If you were to open an art history book and look at any artwork after the Greek and Hellenistic (850 b.c.–31 b.c.) you’ll notice that the he most common recurring subject aside from war, was women. Depictions of women vary from culture to culture and period to period, yet what does not change is the gaze of both the painter and the audience. It’s well documented that the majority of well-known artisans were male, after all women were expected to bear children and run the household – this their learning activities centered around child rearing and home development. From the Greek period of art all the way through the Baroque era (1600–1750) a woman was typically controlled by her parents from her childhood until they handed her off to a husband; moreover, women were frequently discouraged from entering the arts and sciences which meant they had little power to exert over how they were portrayed. This lack of participation in the arts was a primary contributing factor to what is known as the male gaze. Here is a brief breakdown of the male gaze concept for those unfamiliar with the term:
The male gaze occurs when the [canvas] puts the audience into the perspective of a heterosexual man. It may linger over the curves of a woman’s body, for instance. The woman is usually displayed on two different levels: as an erotic object for both the characters within the [painting], as well as for the spectator. The man emerges as the dominant power within the created fantasy. The woman is passive to the active gaze from the man. – This is Not Sex: A Web Essay on the Male Gaze, Fashion Advertising, and the Pose.
While the term male gaze was not present until second-wave feminism, it can be applied retroactively on top of a great number of art periods that came before film’s inception. The reason I’m bringing up the male gaze is because despite having a large number of contemporary female artists, we still come across the gaze in almost all advertising media forms. This is somewhat (and depressingly) expected as “sex sells”, or so advertisers exclaim. What strikes me is when artists who engage in more traditional art forms continue to create works that revel in the male gaze. Perhaps the greatest personification of the contemporary male gaze is the Korean artist Hoyron Lee.
Hoyron has an impressive background of both solo and group exhibitions; his most recent accolades include being featured at Galerie Simon Nolte (Illes Balears, Spain), Galerie Michael Nolte (Münster, Germany), and Gallery Rho (Seoul, Korea). In fact, it was his numerous exhibitions that gave me pause when attempting to digest his work. I thought to myself “A lot of people are really into voyeurism lately”. Usually, that alone would not be enough of a reason for me to question anyone’s artwork as there is usually some faffery of a description to validate whatever terrible art a person creates. Hoyron however, has not a single description for any of his art pieces. As I attempted to research his work, I found myself coming across the term “erotic”.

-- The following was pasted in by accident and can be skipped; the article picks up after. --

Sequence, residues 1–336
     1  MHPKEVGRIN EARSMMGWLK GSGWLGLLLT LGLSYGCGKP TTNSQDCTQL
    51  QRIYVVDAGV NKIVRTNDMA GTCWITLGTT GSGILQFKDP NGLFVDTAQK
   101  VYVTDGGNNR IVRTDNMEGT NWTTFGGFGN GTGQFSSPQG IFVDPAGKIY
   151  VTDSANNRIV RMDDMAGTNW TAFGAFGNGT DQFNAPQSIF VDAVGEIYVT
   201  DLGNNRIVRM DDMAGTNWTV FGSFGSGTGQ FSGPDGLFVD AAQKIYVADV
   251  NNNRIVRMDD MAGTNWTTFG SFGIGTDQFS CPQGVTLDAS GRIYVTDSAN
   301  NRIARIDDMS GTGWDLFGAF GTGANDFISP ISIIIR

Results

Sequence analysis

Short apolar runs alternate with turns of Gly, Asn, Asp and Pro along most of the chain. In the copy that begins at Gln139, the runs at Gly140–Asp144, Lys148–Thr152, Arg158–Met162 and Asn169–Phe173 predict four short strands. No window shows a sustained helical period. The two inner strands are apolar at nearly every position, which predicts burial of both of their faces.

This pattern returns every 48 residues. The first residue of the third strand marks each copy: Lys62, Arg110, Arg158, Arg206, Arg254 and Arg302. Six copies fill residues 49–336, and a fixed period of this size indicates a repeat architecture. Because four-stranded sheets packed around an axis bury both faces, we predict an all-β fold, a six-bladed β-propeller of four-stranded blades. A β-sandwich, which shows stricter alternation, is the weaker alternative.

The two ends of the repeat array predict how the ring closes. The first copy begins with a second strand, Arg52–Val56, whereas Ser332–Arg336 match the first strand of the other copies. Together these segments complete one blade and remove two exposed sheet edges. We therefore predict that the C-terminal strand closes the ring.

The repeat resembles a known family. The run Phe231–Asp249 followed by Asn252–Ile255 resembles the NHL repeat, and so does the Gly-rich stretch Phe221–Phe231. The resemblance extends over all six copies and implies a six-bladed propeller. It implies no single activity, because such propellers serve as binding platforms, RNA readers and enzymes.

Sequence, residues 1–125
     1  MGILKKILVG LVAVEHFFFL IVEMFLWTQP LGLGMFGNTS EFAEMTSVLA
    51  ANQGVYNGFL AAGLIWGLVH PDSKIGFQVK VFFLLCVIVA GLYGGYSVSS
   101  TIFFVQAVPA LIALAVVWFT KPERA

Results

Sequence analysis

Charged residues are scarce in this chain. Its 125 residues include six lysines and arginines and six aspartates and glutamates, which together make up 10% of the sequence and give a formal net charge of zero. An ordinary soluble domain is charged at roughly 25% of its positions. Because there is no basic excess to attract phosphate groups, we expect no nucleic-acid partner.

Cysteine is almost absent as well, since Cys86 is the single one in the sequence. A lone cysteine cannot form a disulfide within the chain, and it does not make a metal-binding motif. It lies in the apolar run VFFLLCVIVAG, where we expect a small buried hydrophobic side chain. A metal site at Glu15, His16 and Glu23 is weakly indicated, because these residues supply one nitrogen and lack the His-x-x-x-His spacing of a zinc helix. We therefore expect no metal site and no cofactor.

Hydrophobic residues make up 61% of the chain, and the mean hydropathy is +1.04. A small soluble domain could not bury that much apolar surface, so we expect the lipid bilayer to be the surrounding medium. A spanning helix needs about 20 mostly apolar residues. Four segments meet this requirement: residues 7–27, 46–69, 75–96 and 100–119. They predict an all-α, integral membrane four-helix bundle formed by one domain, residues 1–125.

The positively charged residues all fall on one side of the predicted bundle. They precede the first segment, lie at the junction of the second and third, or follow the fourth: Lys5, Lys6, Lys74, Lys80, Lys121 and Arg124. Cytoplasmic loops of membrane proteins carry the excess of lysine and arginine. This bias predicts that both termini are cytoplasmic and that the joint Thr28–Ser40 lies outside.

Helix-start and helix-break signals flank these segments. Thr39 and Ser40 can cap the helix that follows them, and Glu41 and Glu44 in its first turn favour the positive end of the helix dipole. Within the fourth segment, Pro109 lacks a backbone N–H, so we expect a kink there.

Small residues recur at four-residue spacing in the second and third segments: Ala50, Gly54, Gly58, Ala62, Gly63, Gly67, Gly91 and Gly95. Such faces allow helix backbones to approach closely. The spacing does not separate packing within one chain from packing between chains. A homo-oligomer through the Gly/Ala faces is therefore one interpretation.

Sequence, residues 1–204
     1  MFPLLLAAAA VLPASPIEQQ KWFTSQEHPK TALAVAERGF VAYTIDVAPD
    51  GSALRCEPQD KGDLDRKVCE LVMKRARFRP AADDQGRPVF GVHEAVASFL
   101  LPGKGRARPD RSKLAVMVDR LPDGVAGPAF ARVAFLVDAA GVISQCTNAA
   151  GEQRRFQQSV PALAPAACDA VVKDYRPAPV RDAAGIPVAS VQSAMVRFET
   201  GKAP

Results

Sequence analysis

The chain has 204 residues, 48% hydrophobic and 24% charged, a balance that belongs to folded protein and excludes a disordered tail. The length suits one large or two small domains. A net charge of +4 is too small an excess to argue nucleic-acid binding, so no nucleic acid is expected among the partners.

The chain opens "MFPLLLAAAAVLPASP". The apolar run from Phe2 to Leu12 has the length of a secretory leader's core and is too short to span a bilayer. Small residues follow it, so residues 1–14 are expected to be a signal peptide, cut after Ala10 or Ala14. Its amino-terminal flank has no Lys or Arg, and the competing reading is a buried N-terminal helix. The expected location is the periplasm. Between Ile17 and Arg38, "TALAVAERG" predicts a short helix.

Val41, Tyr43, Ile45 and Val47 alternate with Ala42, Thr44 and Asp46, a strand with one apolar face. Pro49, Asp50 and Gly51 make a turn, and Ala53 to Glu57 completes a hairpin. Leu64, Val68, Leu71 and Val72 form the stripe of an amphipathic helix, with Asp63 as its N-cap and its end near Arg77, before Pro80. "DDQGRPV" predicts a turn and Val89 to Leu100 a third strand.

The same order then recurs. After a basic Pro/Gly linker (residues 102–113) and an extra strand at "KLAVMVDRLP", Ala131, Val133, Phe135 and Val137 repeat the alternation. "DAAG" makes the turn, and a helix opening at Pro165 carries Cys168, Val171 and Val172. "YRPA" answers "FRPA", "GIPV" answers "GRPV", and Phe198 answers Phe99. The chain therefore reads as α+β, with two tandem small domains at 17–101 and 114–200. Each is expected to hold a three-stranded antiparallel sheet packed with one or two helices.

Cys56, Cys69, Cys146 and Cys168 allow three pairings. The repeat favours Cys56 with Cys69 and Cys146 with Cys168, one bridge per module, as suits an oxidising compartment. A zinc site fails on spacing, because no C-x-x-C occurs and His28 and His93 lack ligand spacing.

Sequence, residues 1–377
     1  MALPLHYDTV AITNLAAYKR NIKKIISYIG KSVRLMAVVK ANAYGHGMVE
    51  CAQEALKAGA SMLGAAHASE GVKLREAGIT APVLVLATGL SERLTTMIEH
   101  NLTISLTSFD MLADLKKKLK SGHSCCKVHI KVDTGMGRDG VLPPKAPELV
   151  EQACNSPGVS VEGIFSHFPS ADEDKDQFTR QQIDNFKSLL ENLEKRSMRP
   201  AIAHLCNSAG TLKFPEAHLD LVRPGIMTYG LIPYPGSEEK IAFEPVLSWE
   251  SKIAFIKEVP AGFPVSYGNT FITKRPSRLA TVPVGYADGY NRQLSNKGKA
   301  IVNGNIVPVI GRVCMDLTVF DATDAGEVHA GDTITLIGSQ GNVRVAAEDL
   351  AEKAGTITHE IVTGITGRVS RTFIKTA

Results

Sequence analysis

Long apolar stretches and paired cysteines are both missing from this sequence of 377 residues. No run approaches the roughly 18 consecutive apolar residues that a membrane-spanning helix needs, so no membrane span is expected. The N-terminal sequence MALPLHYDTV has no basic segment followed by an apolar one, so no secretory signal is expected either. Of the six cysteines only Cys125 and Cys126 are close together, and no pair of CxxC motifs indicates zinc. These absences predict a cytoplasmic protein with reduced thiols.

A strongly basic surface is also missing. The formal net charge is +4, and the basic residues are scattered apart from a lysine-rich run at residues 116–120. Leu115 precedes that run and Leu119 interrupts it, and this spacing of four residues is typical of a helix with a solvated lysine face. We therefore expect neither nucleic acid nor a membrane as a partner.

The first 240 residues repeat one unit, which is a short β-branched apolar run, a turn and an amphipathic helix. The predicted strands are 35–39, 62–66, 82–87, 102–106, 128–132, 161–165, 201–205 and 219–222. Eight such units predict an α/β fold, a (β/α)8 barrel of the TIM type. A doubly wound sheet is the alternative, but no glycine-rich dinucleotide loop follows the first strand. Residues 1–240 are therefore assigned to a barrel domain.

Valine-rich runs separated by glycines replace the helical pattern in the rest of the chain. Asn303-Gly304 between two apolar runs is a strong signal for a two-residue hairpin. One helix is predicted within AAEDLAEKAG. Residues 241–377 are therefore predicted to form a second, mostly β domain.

Everyone who posted, tweeted, favourited, and spoke of his work seemed to only be able to describe his work as erotic. It started to become clear that the word erotic was being used to not only describe the work, but separated it from pure pornography. The line between pornography has always be a thin one and the word erotic has always been a very solid defense to employ when an artist’s work is called into question. The most notable difference between erotic artwork and pornographic artwork is that erotic art removes the viewers responsibility entirely. The audience does not feel the uncomfortable, societal shame associated with viewing pornography and can engage the work as if it were nothing more than the Mona Lisa.
“[His Work] is dirty and uncomfortable [as well as] is grotesque and demeaning. I think what makes it worse than just portraying women as a piece of meat is that he felt the need to make an entire series out of it.” British Art Critic, Zola Paulse
The ease at which some are able to engage with Hoyron’s work reminds me of the popular American Apparel ads that employed many of the same voyeuristic tactics. Here is a sample of one of their marketing campaign ads. I don’t know what they were trying to advertise honestly:
Now take a look at Hoyron’s paintings and you’ll hopefully pick up on a few similarities:
What stands out is the purposeful removal of the female’s face in both the advertisements and paintings. If you were to include the face, you would then place the viewer in a precarious spot where they would have to make a conscious decision as to whether or not they wanted to objectify the woman. By removing the face, as well as any emotion it might carry, objectification becomes easy. We are simply looking at a dressed up piece of flesh and bear no responsibility in how we choose to engage it.
I find Hoyron’s work is fascinating in the same way that I am continually fascinated by human’s propensity for violence – that is to say, I’m disgusted. It takes a lot for me (a man) to feel uncomfortable in situations where women are objectified; so to that end I congratulate Hoyron Lee for a job well done. He has managed to flourish in the art world of antiquated notions of the relationship between viewer and object.